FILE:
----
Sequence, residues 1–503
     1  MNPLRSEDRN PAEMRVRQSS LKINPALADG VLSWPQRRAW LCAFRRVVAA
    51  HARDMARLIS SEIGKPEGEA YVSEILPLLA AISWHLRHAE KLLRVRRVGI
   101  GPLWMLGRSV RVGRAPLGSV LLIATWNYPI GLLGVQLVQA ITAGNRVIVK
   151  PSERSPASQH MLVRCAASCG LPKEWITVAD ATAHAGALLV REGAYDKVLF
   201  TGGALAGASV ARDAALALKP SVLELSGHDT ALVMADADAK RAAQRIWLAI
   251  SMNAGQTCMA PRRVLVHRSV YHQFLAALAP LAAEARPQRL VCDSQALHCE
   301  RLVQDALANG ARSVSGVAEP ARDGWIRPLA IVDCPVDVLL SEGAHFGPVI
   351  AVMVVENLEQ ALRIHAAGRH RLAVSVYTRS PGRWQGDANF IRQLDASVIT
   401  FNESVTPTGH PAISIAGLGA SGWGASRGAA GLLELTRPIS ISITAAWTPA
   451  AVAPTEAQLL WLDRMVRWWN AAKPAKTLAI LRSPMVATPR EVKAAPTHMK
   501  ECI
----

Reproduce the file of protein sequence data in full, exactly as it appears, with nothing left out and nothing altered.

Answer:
Sequence, residues 1–503
     1  MNPLRSEDRN PAEMRVRQSS LKINPALADG VLSWPQRRAW LCAFRRVVAA
    51  HARDMARLIS SEIGKPEGEA YVSEILPLLA AISWHLRHAE KLLRVRRVGI
   101  GPLWMLGRSV RVGRAPLGSV LLIATWNYPI GLLGVQLVQA ITAGNRVIVK
   151  PSERSPASQH MLVRCAASCG LPKEWITVAD ATAHAGALLV REGAYDKVLF
   201  TGGALAGASV ARDAALALKP SVLELSGHDT ALVMADADAK RAAQRIWLAI
   251  SMNAGQTCMA PRRVLVHRSV YHQFLAALAP LAAEARPQRL VCDSQALHCE
   301  RLVQDALANG ARSVSGVAEP ARDGWIRPLA IVDCPVDVLL SEGAHFGPVI
   351  AVMVVENLEQ ALRIHAAGRH RLAVSVYTRS PGRWQGDANF IRQLDASVIT
   401  FNESVTPTGH PAISIAGLGA SGWGASRGAA GLLELTRPIS ISITAAWTPA
   451  AVAPTEAQLL WLDRMVRWWN AAKPAKTLAI LRSPMVATPR EVKAAPTHMK
   501  ECI